I'm officially over the hill. I don't mean that I'm in my forties and knackered, though that's true as well, but I have conquered what will probably be my highest peak of the entire three year ride - the Envalira pass to get from France to Andorra. At over 2,400 metres it takes some pedalling. And I didn't see a single other tourer on either side of the hill, just Tour de France types with their big, soppy, helium-filled bikes and total lack of luggage, something that made me feel good and filled me with a sense of smugness usually only granted to Tory MPs.
I didn't know what to expect of Andorra. When I posted my, erm, slightly negative comments about pointless Liechtenstein, I remember someone on Facebook saying that Andorra is just the same but higher. But he or she was very, very wrong. Andorra is absolutely gorgeous. It could be the delirium of getting to the top of the hill that made me think that, but I don't think so. It's just endless vistas of beauty. And of Andorra la Vella, the capital, I was expecting three houses and a dog, but it's a fantastic, bustling, little city situated in a natural bowl, with the Pyrenees on all sides.
I like it when I turn up somewhere new and I have someone to meet. On this trip I've met some great people. I've told you about some of 'em. But I met one of my favourites, Clare, the most inspiring, wonderful woman I've probably ever encountered, in Andorra. To look at her, she seems like any other 65 year old woman, but bloody hell has she had an amazing life? And she has the energy of a busload of 18 year old girls with firecrackers in their pants. She's driven across Asia, and sailed to everywhere except Jupiter, and has a million stories to tell. Her husband, a spritely if now slightly deaf 95 year old called Edward, is also a legend. He started sailing when he was six years old and continued into his early nineties. He's been around the world more times than the moon. I wanted to suck his sailing knowledge out of his head with a straw, but I suspect it wouldn't have helped his hearing.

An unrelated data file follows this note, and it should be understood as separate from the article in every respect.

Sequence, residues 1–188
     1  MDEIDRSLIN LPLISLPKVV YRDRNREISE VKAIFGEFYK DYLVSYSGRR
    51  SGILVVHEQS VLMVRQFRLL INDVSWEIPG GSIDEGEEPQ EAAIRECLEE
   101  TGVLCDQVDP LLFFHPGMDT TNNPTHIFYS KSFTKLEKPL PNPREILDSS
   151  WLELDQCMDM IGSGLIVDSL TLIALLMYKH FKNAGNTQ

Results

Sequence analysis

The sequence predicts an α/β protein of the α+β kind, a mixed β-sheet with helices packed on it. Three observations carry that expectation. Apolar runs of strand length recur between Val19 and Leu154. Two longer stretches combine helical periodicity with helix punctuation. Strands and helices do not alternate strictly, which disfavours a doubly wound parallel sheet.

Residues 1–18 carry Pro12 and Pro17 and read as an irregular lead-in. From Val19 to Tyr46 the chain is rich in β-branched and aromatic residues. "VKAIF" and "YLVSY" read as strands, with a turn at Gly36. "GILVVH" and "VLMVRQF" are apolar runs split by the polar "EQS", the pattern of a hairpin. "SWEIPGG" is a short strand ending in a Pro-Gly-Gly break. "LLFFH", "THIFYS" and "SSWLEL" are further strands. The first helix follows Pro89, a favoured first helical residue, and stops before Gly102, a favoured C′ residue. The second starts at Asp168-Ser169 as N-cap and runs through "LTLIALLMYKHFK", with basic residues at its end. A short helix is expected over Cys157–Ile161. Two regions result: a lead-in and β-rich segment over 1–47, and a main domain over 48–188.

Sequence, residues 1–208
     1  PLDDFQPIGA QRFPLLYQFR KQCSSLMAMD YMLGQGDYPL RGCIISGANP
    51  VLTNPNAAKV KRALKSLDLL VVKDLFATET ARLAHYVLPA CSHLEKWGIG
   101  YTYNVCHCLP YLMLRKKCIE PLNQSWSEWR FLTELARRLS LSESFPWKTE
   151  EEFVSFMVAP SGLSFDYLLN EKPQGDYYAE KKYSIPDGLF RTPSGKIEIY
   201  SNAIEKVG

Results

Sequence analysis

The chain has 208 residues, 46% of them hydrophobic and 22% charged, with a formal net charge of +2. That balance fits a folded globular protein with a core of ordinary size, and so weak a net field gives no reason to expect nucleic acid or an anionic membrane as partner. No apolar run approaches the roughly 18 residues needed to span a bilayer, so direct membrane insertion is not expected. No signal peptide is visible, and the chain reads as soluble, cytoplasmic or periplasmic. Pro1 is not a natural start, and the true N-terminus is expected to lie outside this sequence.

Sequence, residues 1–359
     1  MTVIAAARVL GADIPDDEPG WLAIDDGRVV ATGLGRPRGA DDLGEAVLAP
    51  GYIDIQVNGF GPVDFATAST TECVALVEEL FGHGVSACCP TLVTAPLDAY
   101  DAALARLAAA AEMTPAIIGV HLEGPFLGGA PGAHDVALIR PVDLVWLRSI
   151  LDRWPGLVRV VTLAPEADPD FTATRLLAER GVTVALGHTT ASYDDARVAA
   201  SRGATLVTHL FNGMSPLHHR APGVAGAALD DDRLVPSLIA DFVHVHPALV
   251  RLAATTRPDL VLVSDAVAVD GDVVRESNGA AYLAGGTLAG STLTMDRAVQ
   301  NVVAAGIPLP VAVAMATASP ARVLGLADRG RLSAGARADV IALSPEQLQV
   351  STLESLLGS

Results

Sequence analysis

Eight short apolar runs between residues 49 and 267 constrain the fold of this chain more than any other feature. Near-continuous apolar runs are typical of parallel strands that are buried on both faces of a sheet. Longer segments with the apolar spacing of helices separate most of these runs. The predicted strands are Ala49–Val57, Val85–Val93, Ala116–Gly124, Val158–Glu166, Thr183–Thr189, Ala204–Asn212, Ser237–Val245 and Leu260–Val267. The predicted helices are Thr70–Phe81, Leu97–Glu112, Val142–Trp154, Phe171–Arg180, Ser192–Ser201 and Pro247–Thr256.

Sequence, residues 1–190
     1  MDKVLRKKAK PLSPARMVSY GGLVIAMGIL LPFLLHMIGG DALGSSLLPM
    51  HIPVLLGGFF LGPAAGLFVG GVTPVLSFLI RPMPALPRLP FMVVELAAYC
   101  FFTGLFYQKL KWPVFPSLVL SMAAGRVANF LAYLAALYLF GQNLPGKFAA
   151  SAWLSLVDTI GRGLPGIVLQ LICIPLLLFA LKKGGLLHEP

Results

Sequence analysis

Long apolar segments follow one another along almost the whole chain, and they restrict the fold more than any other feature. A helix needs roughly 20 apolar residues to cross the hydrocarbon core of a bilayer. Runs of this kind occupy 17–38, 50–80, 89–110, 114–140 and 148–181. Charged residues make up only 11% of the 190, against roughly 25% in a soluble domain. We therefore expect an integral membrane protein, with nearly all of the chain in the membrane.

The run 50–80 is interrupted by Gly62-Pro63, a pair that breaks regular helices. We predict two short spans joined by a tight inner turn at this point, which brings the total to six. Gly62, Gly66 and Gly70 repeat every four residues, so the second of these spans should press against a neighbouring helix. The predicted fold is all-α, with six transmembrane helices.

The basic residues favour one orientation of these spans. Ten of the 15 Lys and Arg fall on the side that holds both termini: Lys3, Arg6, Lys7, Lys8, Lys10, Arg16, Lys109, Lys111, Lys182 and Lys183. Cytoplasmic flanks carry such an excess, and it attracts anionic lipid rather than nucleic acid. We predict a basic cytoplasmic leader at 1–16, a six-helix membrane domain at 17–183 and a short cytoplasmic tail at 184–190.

People like Clare amass friends in the way that most of us amass bills - effortlessly - and she introduced me to several interesting ones, including an OU student called Kirsty, and Cathy, a motivational speaker, who's climbed Everest from both sides. That afternoon Clare was volunteering as an interpreter for non-Catalan speakers at the local, immaculately maintained hospital. She took me along for a look around. She introduced me to a British patient there and said, "This is Steven. He's just cycled over Envalira today. Can you imagine that?" I smiled. "Yes, I can," she replied. "A friend of mine does it every year when he comes to see us. He's seventy." My smugness withered and died.
I've tried hard to get my Mum online. She dabbles with the internet but it doesn't come easy. I didn't even bother with my Dad. But both Clare and Edward are computer demons. I showed him UGRIB, a freeware application for downloading global weather data, something unimaginable when he was sailing. To see him on the PC made me want to shake my Dad and say, "Look how much fun you can have with a computer!" But, if my Dad did use it, I know he'd only end up downloading naked pictures of Ann Widdecombe.
I stayed the night at Clare and Edward's. Their living room is stunning, with large windows that frame the mountain views around them. I would have loved to have stayed longer and heard more stories, but Clare was off to the UK the next day with an absolutely mental itinerary, seeing about four hundred different friends in a week that involved driving about two thousand miles. I spent less than twenty four hours in her company but I felt like I'd known her all my life. They've both written a handful of books about their sailing experiences. I'll hunt them out when I get home and get my stories that way.
So, if there is a God, which there isn't, but never mind, as I enter my sixties, please give me Clare's energy. And as I approach my mid-nineties, please can I have Edward's mental capacity? Hell, give it to me now. Half of it will do. OK then, a quarter. Just do what you can, God.